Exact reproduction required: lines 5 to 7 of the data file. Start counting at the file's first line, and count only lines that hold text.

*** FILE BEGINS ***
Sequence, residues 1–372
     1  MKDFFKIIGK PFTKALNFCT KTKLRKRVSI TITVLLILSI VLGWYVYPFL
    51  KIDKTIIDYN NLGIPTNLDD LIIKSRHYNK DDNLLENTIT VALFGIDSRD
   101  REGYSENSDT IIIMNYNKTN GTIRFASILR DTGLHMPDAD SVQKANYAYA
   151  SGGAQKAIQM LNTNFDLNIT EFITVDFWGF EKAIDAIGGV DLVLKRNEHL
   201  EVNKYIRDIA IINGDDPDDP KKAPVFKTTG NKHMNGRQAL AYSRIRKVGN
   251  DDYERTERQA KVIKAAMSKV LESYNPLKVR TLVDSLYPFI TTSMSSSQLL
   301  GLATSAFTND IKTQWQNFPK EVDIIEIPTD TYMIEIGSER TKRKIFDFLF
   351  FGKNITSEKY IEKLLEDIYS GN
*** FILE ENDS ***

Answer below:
   151  SGGAQKAIQM LNTNFDLNIT EFITVDFWGF EKAIDAIGGV DLVLKRNEHL
   201  EVNKYIRDIA IINGDDPDDP KKAPVFKTTG NKHMNGRQAL AYSRIRKVGN
   251  DDYERTERQA KVIKAAMSKV LESYNPLKVR TLVDSLYPFI TTSMSSSQLL